Published in Health and Wellness
Iron supplementation provides cognitive and physical benefits to anaemic children
Giving primary-school age children iron supplements has been shown to be both safe and beneficial in a recent systematic review and meta analysis published in the Canadian Medical Association Journal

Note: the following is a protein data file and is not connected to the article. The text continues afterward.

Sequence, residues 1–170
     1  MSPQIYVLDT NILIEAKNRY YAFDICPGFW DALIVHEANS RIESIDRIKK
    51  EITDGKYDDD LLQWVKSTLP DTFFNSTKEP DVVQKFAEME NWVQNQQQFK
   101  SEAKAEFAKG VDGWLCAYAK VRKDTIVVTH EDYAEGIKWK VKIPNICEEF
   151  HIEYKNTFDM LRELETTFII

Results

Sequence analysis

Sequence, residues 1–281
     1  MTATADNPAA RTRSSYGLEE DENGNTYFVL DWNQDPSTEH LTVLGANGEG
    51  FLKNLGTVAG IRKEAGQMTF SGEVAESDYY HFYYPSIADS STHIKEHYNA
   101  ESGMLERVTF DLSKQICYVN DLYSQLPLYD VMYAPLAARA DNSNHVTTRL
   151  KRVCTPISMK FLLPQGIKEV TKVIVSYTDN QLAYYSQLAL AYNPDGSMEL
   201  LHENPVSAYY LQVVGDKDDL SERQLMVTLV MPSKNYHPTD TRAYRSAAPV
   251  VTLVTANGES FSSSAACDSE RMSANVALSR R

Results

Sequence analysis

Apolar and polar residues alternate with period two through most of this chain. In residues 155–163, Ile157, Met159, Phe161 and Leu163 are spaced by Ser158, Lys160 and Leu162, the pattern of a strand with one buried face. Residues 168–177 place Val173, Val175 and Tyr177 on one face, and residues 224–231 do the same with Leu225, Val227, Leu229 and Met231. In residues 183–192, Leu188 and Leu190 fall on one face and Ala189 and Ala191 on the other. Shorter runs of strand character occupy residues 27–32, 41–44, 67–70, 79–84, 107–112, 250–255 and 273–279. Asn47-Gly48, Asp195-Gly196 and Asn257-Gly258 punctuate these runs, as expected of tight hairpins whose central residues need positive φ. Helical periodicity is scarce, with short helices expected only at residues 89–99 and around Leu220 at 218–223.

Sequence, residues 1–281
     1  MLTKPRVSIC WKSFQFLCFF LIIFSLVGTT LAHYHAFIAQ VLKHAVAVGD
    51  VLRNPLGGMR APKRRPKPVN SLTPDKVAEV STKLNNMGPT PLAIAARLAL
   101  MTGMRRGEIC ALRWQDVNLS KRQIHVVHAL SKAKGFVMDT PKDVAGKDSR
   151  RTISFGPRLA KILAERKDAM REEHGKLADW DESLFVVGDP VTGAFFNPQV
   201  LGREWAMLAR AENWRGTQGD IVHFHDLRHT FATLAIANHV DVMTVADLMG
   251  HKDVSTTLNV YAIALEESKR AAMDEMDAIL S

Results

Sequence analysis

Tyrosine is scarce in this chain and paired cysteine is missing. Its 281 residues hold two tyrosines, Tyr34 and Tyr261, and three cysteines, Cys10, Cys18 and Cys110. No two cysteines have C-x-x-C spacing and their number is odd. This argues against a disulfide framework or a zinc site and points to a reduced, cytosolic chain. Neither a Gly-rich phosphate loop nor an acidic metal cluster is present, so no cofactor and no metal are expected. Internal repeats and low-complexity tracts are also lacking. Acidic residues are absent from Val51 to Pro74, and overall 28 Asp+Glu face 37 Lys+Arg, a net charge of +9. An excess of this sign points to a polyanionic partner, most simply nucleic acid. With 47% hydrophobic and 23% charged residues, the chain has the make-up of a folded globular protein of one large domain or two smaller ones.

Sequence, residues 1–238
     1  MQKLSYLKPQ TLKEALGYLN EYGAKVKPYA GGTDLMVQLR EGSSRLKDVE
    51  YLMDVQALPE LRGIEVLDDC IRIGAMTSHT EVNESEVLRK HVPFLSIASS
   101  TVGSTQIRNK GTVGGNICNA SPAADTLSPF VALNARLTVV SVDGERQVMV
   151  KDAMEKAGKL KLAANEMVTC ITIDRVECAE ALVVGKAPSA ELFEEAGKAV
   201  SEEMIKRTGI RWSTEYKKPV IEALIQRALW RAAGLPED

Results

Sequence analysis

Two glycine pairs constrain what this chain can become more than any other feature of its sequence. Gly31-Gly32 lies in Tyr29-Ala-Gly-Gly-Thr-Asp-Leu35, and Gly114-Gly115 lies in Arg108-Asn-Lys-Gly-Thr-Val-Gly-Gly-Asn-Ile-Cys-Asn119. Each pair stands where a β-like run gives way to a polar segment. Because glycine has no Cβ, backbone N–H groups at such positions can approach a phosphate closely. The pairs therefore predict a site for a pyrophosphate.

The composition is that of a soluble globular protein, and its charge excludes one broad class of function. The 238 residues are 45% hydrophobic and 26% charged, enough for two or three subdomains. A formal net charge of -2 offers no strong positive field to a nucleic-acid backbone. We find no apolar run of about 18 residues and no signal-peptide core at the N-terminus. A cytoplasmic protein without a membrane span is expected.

The study, published by Pasricha et al. at the University of Melbourne, Australia, analysed data from 32 studies and included more than 7,000 children (3837 randomised to iron supplements and 3252 to control), the majority of whom were located in low- and middle-income countries.  Prevalence of anaemia was defined as haemoglobin <120g/L or as defined by the authors. The results showed that anaemic children who received iron supplements had higher cognitive scores than children in the control groups, showed ‘substantial’ improvement in IQ scores and also had improved height and weight, when compared to children who did not receive the supplements.  Pasricha et al. note that world-wide, it is estimated that around 25 % of school-aged children are anaemic, with iron deficiency being the cause in approximately half of cases.  Results of this report indicate that daily iron supplementation has a dramatic effect on the prevalence of anaemia and iron deficiency, which were reduced by 50 % and 79 % respectively.  Importantly, no adverse effects were noted between the groups that received iron and the control groups, where previous concerns regarding the prevalence of malaria or gastrointestinal issues may have limited efforts to address iron deficiencies in children of this age.  In addition, some studies reported observing fewer respiratory tract infections in the groups taking the iron supplements.

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